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SAMJ: South African Medical Journal

versão On-line ISSN 2078-5135

SAMJ, S. Afr. med. j. vol.103 no.3 Cape Town Mar. 2013

 

RESEARCH

 

Prevalence of human immunodeficiency virus, hepatitis C virus, hepatitis B virus and syphilis among individuals attending anonymous testing for HIV in Luanda, Angola

 

 

H Guimarães NebenzahlI; Â LopesII; R CastroIII; F PereiraIV

IUnidade de Microbiologia Médica/Instituto de Higiene e Medicina Tropical, Rua da Junqueira 100, Lisbon, Portugal, BSc (Biological Sciences), MPH
IIUnidade de Microbiologia Médica/Instituto de Higiene e Medicina Tropical, Rua da Junqueira 100, Lisbon, Portugal, BSc (Chemical Engineering)
IIIUnidade de Microbiologia Médica/Instituto de Higiene e Medicina Tropical, Rua da Junqueira 100, and Centro de Recursos Microbiológicos (CREM), Lisbon, Portugal, MD (Clin Path), PhD
IVUnidade de Microbiologia Médica/Instituto de Higiene e Medicina Tropical, Rua da Junqueira 100, and Centro de Recursos Microbiológicos (CREM), Lisbon, Portugal, MD, PhD

Corresponding author

 

 


ABSTRACT

BACKGROUND: Human immunodeficiency virus (HIV), hepatitis B virus (HBV), hepatitis C virus (HCV) and syphilis remain major infections around the world. In Angola, about 166 000 individuals are living with HIV, representing a prevalence of 1.98% in adults between 15 and 49 years of age. In a 2003 study in Luanda, 4.5% of pregnant women had antibodies to HIV and 8.1% to HBV, and 5.4% were infected with Treponema pallidum.
OBJECTIVES: The aim of this study was to determine the prevalence of HIV-1 and 2, HBV, HCV and T. pallidum serological markers, and hence the prevalence of these infections, in individuals attending a sexually transmitted disease clinic in Luanda, Angola, and the burden of these infections in the Angolan population.
METHODS: Individuals attending a centre for anonymous testing for HIV were randomly included in the study. All samples were tested for HBV surface antigen (HBsAg), anti-HCV and anti-HIV-1 and 2 antibodies and antibodies to T. pallidum.
RESULTS: A total of 431 individuals (262 women and 169 men) were studied, of whom 10.0% (43/431) were seropositive for T. pallidum and 4.6% had active syphilis; 8.8% (38/431) were seropositive for HIV-1 and/or HIV-2 (of these, 78.9% were HIV-1-positive, 2.6% HIV-2-positive and 18.4% co-infected); 9.3% (40/431) were HBsAg-positive, while 8.1% (35/431) had antibodies to HCV. Of 102 patients with positive results, 26 (25.5%, or 6.0% of the total of 431 patients) were positive for more than one of the organisms studied. Rates of co-infection were as follows: 2.3% (10/431) for HIV/HBV, 0.9% (4/431) for HIV/HCV, and 0.9% (4/431) for HCV/HBV. Three individuals with active syphilis had viral co-infection, hepatitis B in 1 case and HIV in 2. Five individuals (1.2% of the total) were seropositive for 3 infections: HIV, hepatitis B and hepatitis C in 3 cases and HIV, hepatitis C and syphilis in 2.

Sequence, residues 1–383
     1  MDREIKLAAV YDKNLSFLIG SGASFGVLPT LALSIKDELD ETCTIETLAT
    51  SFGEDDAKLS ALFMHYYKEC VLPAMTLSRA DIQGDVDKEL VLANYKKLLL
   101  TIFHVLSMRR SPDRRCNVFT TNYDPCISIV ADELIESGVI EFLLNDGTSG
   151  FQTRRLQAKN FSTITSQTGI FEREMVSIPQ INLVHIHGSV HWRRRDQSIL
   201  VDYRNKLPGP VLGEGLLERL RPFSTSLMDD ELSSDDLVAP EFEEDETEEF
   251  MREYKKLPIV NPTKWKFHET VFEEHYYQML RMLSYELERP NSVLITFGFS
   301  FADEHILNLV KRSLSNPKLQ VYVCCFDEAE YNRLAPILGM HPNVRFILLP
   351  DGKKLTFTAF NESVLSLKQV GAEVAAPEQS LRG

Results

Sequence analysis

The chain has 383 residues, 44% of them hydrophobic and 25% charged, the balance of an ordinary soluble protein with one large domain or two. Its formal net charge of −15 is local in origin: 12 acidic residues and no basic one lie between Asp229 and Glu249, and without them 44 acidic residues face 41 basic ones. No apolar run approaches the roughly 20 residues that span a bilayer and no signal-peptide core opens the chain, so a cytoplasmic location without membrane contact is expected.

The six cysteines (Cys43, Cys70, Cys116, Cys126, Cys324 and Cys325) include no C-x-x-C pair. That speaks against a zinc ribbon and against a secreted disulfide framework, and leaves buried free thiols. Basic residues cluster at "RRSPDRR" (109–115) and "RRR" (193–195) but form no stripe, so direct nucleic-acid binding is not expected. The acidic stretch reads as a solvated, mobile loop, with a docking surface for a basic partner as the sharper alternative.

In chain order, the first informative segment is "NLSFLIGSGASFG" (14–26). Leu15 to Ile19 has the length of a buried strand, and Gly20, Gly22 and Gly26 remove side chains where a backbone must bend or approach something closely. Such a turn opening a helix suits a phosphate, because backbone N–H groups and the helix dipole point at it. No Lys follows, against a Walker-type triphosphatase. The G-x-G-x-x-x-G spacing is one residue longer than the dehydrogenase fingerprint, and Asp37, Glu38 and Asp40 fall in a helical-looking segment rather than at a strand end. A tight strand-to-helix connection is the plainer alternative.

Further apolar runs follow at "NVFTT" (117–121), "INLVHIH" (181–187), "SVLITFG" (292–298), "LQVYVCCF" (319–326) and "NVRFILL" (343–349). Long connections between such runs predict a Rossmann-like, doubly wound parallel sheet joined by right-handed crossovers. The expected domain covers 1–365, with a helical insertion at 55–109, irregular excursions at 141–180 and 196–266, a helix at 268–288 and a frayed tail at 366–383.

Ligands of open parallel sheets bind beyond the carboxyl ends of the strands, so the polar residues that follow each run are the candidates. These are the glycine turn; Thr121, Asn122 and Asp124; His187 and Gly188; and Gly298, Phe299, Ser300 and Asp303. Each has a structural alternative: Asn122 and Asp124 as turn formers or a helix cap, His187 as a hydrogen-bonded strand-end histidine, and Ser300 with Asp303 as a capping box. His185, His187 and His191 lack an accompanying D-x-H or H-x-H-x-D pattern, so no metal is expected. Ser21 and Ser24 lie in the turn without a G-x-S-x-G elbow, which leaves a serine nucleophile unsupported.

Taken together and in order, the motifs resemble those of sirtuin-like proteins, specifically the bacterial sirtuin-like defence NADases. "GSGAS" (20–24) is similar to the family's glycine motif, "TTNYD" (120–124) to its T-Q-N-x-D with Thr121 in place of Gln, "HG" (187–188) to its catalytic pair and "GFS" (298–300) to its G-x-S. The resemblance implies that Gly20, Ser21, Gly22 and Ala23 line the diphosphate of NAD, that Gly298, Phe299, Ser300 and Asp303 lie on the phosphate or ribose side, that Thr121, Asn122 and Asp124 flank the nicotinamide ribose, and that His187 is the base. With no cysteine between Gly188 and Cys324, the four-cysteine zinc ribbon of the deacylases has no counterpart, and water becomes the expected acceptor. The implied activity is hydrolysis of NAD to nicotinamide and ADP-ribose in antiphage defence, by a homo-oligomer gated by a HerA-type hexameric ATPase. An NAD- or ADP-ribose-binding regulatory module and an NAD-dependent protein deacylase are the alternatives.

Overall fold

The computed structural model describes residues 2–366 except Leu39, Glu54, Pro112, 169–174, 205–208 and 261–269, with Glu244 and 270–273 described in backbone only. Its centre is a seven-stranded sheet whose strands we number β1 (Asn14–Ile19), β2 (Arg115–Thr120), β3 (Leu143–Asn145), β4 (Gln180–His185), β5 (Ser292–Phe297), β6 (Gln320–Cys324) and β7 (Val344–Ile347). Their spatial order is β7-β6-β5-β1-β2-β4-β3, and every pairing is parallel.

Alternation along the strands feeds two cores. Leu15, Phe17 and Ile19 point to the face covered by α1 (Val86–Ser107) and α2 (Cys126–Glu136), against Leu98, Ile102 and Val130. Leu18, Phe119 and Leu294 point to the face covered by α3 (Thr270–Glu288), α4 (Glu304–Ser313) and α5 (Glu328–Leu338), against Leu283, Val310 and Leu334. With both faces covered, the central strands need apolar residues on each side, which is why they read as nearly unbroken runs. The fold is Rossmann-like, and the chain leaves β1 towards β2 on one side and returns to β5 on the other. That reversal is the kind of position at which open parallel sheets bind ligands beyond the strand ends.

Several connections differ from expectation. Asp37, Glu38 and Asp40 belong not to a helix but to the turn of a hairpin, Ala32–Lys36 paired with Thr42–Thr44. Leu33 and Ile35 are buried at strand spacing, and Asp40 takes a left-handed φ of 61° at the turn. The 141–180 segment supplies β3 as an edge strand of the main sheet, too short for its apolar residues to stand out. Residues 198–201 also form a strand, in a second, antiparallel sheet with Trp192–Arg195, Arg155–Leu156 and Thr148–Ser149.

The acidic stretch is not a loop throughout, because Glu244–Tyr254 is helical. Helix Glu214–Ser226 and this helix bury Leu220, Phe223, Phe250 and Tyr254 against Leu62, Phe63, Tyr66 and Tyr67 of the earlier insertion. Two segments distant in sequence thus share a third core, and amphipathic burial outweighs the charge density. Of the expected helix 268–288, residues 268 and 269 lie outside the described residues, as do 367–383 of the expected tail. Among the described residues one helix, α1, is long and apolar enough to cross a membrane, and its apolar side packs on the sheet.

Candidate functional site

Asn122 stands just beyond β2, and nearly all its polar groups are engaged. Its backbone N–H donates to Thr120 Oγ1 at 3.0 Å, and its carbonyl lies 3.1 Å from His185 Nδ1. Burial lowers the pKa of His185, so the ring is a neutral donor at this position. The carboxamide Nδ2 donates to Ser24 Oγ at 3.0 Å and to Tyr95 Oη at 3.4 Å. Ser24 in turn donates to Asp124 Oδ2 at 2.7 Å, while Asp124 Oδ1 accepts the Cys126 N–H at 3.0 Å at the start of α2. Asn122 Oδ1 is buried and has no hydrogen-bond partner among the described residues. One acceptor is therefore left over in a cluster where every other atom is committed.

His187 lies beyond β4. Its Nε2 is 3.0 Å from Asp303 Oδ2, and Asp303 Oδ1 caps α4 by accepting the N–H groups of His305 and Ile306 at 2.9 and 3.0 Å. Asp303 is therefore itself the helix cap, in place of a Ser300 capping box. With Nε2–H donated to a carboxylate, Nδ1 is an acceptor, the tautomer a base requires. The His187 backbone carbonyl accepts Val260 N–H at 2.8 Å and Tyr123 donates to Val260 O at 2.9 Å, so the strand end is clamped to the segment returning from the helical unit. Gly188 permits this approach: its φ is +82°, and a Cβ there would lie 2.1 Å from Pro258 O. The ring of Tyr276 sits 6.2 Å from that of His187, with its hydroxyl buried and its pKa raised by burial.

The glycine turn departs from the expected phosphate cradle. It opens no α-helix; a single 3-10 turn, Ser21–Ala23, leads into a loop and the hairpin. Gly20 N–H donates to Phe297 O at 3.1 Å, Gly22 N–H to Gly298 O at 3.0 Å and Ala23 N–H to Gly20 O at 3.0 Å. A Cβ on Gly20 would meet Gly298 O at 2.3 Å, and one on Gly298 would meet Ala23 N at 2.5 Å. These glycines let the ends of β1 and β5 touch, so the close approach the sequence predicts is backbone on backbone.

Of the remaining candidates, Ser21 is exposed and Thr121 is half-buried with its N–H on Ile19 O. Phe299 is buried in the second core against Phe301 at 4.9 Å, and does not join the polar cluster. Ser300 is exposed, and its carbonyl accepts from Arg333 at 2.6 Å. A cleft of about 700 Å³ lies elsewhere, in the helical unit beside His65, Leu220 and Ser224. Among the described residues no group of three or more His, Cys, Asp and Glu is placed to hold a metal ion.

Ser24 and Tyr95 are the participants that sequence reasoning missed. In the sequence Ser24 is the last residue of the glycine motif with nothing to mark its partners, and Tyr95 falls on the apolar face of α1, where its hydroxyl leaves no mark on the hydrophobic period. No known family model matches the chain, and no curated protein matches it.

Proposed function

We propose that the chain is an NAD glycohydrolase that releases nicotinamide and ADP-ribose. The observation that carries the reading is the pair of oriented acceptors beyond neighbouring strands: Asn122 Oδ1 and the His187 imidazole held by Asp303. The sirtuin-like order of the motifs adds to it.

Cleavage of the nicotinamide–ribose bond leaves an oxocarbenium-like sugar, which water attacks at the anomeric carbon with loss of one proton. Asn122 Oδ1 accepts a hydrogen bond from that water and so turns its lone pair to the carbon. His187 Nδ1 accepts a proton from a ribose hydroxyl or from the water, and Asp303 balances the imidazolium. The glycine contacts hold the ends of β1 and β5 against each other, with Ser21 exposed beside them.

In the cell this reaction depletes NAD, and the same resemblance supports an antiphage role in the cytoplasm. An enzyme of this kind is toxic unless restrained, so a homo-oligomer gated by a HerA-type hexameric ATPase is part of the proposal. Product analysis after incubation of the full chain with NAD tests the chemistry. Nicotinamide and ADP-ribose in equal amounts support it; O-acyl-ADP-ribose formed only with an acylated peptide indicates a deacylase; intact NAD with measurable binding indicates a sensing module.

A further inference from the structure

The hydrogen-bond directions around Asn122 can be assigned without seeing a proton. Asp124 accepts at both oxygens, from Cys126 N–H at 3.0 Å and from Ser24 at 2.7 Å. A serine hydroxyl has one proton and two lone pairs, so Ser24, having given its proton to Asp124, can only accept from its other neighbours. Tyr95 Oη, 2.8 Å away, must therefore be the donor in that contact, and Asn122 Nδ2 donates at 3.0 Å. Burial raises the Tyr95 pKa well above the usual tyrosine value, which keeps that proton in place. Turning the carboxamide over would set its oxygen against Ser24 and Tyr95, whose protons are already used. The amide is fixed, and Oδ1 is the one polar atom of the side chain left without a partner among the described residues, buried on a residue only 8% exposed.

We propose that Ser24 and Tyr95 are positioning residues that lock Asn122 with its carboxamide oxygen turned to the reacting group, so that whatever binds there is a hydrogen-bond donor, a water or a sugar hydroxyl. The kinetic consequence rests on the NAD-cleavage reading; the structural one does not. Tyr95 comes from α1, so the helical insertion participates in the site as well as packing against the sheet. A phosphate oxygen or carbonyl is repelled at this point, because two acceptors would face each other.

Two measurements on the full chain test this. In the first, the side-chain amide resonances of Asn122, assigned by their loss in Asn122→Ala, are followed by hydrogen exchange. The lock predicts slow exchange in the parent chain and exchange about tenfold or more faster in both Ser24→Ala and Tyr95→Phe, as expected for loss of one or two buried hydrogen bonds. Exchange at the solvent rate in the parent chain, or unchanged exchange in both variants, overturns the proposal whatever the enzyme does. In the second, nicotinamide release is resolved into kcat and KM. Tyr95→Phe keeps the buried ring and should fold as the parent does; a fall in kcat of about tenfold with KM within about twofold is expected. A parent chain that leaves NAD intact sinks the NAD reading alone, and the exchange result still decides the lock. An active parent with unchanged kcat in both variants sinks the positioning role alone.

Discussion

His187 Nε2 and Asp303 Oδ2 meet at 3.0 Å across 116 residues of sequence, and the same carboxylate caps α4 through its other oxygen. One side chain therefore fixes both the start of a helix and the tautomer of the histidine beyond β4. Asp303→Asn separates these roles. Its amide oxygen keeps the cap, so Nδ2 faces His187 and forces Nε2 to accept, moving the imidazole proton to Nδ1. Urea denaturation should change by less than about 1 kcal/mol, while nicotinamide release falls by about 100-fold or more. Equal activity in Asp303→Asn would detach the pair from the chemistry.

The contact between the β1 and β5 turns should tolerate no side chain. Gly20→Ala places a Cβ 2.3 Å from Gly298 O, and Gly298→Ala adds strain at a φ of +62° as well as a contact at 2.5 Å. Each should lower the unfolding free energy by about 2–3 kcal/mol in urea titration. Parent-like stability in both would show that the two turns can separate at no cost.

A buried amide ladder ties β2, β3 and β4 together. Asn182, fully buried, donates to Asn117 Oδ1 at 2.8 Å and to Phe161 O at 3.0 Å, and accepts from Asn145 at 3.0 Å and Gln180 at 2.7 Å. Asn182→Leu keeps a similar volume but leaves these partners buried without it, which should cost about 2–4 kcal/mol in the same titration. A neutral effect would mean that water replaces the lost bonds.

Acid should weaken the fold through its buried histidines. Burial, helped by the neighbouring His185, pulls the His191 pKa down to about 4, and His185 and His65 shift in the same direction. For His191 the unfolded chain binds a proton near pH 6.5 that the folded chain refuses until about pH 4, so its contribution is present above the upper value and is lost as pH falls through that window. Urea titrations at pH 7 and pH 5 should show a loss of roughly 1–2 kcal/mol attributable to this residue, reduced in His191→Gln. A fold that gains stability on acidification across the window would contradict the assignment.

CONCLUSIONS: A high prevalence of co-infection with the infections studied was found in this population, including HIV infection (8.8%). These results demonstrate the need to improve screening for and treatment of HIV and other sexually transmitted infections in Angola, and for educational campaigns to prevent not only the morbidity and mortality associated with these diseases, but also their further transmission.


 

 

Rates of morbidity and mortality due to human immunodeficiency virus (HIV), hepatitis B virus (HBV), hepatitis C virus (HCV) and syphilis infection are still very high, and these infections remain an enormous burden, especially to women and infants born to infected mothers.[1,2]

It is estimated that every year around 3 - 4 million individuals are infected with HCV and 2 billion with HBV, and in 2010 around 34 million were living with HIV.[3-5]

The World Health Organization reports that in Africa between 2005 and 2006 the median seroprevalence of syphilis among antenatal clinic attendees ranged from 0.9% in Botswana to 4.6% in the Comores to 5.3% in Madagascar. In 2006 in South Africa, the seroprevalence of syphilis ranged from 1.1% in Limpopo province to 8.5% in the Northern Cape, while in Ghana it ranged from 0% in Tongu (a rural site) to 24% in Odoben Bakwa.[6]

Recent studies in antenatal clinics have found seroprevalences of antibodies to Treponema pallidum and to HIV ranging from 3% to 11% and 1.8% to 5%, respectively. The prevalence of hepatitis B surface antigen (HBsAg) was 4 - 6% and that of HCV 0.5 - 2%.[7-9] Among prison inmates in Ghana, the prevalence of antibodies to HIV and HCV was 19% for each infection, while prevalences of HBsAg and syphilis were 17% and 11%, respectively.I101

Estimates of the prevalence of HBV co-infection among adults with HIV in South Africa range from 5% in urban cohorts to 20% in a cohort of goldminers from rural areas.[11] Data from Luanda, from a sentinel site in a surveillance programme, showed that 4.5% of pregnant women had antibodies to HIV, 8.1% to HBV and 5.4% to syphilis.I121 HIV prevalences in the remaining provinces, sentinel sites in the same study, were 3.2% in Benguela, 3.2% in Cabinda, 0.7% in Malanje, 1.5% in Lunda-Sul and 1.3% in Huila.[12]

In Angola there are approximately 166 000 people living with HIV, representing a prevalence of 1.98% among adults aged 15 - 49 years.[13]

The present study was undertaken to assess the prevalence of HIV, HBV, HCV and syphilis seropositivity in individuals attending a sexually transmitted disease clinic in Luanda, with the aim of evaluating the burden of these infections in the Angolan population.